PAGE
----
I don’t trust testimony. I’m dubious of any claim I can’t test first-hand, but my dubiety increases with the number of hands involved. Moreover: It is a simple fact of human nature that people initiate conversations for a reason, and that reason is very often guile. Even where it is not, if I don’t know you know what you’re talking about, I’m happy to assume you don’t.
Oh? You have skin in the game? Well, that’s very different. Now I really don’t trust you! 😉
And thus we introduce a big bucket of freshly-extruded iBuyer testimony, brought to us by MarketWatch: “Why buying and selling a house could soon be as simple as trading stocks.”
The thesis is not defended, but these things never are. I don’t want to seem to be too critical of the reporter here. Reporters are generalists, and an actual software engineer could not discern fact from fiction in the specious spewings of iBuyer spokespersons.
Here’s what I know first-hand: Zillow does its buy-side pricing in Phoenix by human CMA. Second-hand: I am told by people who did them that Phoenix buy-side pricing by OpenDoor and OfferPad are also done by human CMA – and I am hugely popular among VCs just now for demonstrating OpenDoor’s recruitment of property valuation analysts.
I don’t know of any iBuyers buying truly blind, by AVM only, although all of them should. The race is to get the paperwork first, and to the victor go all the ensuing spoils – assuming there are any, net-after-everything.
In other words: Every breathless claim you have read about “pricing algorithms” is almost certainly bullshit. iBuying is done by human CMA for now – by Realtors, as Brian Brady points out – and that seems unlikely to change. AI is a cargo cult, after all – a machine built to cheat people who insist machines can’t cheat. “Ya want blockchain with that, chump?”
The article is simply the repetition of the same breathless bullshit, the transcription of undefended claims, so read it for yourself. This, from Zillow’s Krishna Rao, is choice:
What does that mean in real life? Zillow sees the listing price as a “machine learning” exercise, he said.
“That machine can look at what the relative demand is for homes like this, relative supply, how that’s trended, and take these gobs of data and crunch it down into a particular listing price. Over time, as that home is listed, we then get more and more granular information — how well is the home showing? Are we seeing lots of tours, lots of offers? And use that to refine our strategy.”
As I have demonstrated, all three Phoenix iBuyers seem to be pricing for resale by a mark-up on the purchase price consisting of a multiple of the rehab costs. There might be software doing all this heavy lifting, but a spreadsheet seems much more likely – and certainly more than is needed for what could easily be a penciled calculation.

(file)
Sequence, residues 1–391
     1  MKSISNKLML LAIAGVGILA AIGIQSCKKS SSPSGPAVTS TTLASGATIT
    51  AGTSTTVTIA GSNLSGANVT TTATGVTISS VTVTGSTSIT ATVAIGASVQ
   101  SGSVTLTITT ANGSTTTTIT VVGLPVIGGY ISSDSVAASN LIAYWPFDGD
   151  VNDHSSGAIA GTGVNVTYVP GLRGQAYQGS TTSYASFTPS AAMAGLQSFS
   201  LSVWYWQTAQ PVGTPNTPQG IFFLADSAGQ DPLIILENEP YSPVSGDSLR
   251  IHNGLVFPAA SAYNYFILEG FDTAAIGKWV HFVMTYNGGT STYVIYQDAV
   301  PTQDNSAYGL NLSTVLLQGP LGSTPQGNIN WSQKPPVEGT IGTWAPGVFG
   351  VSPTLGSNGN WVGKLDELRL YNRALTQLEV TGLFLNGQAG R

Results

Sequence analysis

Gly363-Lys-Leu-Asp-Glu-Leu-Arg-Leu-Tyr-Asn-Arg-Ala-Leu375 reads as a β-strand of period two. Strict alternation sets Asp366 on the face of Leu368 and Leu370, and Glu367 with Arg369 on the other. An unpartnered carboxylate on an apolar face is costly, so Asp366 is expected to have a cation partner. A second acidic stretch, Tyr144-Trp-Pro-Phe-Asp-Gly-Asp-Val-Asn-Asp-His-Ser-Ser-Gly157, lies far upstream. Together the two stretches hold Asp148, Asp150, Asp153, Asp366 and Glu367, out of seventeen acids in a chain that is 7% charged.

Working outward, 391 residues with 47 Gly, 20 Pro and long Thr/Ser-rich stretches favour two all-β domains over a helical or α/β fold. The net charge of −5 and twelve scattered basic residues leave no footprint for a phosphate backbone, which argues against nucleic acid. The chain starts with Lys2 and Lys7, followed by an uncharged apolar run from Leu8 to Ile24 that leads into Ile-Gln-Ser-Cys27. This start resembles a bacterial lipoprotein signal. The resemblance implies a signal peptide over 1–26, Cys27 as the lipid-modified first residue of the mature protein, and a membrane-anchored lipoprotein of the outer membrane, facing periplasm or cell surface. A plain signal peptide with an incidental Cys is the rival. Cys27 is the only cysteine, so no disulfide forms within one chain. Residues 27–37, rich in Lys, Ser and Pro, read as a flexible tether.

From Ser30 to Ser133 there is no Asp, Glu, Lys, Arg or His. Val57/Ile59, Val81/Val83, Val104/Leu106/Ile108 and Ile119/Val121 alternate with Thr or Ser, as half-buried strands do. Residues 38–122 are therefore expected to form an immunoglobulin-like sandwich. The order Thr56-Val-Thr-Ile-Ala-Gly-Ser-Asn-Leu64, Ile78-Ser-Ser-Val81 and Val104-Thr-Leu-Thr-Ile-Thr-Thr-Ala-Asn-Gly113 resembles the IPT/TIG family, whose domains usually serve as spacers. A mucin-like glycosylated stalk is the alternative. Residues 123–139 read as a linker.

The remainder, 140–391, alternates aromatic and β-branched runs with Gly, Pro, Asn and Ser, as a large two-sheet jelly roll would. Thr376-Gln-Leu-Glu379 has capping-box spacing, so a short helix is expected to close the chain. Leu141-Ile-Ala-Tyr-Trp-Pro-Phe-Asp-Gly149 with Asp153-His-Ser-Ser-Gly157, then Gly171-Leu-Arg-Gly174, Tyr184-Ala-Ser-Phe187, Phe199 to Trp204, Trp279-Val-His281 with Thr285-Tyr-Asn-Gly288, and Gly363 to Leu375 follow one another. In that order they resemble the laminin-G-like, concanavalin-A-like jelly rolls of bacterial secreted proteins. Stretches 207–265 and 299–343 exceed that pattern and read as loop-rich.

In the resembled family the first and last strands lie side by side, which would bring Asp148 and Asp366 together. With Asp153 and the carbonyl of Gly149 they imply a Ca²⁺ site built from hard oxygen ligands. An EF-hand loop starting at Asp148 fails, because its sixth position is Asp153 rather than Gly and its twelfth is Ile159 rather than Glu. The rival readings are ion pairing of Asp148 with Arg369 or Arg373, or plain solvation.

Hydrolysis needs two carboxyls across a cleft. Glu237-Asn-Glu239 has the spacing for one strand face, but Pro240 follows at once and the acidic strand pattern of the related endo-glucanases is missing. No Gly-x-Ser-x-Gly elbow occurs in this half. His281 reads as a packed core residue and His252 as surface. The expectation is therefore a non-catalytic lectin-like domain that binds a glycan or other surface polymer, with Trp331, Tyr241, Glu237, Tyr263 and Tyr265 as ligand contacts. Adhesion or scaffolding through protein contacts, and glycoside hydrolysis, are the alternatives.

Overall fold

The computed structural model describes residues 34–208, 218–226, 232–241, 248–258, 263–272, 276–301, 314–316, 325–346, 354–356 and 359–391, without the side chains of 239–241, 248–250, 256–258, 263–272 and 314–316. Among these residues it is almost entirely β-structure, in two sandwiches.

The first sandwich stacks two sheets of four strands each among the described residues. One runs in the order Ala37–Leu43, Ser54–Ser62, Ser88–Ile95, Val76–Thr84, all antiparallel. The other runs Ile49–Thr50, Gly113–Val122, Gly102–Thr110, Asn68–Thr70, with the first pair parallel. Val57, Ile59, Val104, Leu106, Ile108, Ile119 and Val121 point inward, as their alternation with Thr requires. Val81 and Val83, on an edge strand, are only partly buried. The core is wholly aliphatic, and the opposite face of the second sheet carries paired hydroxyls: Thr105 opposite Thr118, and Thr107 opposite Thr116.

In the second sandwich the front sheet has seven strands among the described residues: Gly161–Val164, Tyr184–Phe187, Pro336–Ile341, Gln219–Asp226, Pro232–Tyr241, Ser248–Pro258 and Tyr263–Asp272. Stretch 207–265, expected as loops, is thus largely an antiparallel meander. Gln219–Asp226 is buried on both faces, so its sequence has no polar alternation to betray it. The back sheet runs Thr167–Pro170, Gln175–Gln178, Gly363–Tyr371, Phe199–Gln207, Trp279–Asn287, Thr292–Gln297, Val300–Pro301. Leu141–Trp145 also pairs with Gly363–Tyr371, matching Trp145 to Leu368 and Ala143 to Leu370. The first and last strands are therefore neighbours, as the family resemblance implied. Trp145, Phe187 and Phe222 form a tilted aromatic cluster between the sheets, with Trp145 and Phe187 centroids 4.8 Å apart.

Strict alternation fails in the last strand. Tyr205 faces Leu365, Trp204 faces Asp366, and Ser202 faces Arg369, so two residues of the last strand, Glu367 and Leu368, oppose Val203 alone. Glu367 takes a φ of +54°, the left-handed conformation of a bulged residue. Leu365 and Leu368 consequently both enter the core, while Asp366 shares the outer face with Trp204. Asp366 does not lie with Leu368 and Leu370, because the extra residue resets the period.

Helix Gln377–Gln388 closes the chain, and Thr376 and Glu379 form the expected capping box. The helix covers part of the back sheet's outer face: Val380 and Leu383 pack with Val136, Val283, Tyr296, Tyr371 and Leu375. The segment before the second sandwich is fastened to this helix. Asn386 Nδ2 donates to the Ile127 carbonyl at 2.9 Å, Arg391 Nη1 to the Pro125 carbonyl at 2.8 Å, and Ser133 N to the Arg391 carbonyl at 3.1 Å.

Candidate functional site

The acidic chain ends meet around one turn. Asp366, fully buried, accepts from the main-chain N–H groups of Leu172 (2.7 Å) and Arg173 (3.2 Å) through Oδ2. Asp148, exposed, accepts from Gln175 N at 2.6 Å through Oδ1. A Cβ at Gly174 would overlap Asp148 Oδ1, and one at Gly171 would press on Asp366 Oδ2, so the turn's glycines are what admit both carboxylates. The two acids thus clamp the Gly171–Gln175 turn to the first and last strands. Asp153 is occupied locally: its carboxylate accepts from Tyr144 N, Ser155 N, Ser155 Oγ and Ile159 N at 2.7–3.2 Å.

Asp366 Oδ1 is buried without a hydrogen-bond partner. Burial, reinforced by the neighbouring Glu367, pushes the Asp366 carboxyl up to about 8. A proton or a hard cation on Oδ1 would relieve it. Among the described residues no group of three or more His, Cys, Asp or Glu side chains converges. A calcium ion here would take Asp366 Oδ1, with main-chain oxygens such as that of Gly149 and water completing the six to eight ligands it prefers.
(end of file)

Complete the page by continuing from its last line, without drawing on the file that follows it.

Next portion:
Another quote, this one from Knock’s Stephen Freudenberg:
He offers an example: A family might spend $100,000 remodeling a kitchen but add only $50,000 to their house’s listing price because properties in the surrounding area, which are comparable listings, might not have such upmarket kitchens. “So they’re stuck with what the neighborhood sold for, but, if we’re actually looking at the data, then everyone could theoretically get a better deal.”
I related that example to my wife, just so I could watch her eyes roll. What do the sellers of over-improved homes get? Market, just like everyone else. Why? Because you are selling to people, not to an idealized perfect-schmoo, and wise people resist eating other people’s mistakes.
Meanwhile, here’s better news: The machines that could never, ever cheat anyone are also incapable of achieving racist outcomes in real estate:
To Dahlia Brown, the Knock customer in Marietta, having an algorithm at the heart of the real-estate market may help counter human bias by limiting “some of the historical practices that maybe have kept certain people from home ownership,” she said. “This process actually seems as fair and equitable as it could be.”
That map is Zillow in the core of Metropolitan Phoenix, everything sold to date. The Madonna-with-child outline comprises most of the Phoenix and Glendale neighborhoods that are typically redlined. It’s price and year built, not racism, resulting in the effect. But it’s hard to miss a hole that big…
I do wish reporters would take well-informed experts along on these interviews to ask the follow-up questions. The claims reported here and everywhere are absurd, and none are backed by evidence that I have seen – where pricing-by-algorithm, at least, would seem to be a big fat lie.
One lie, all lies? Tell me why not?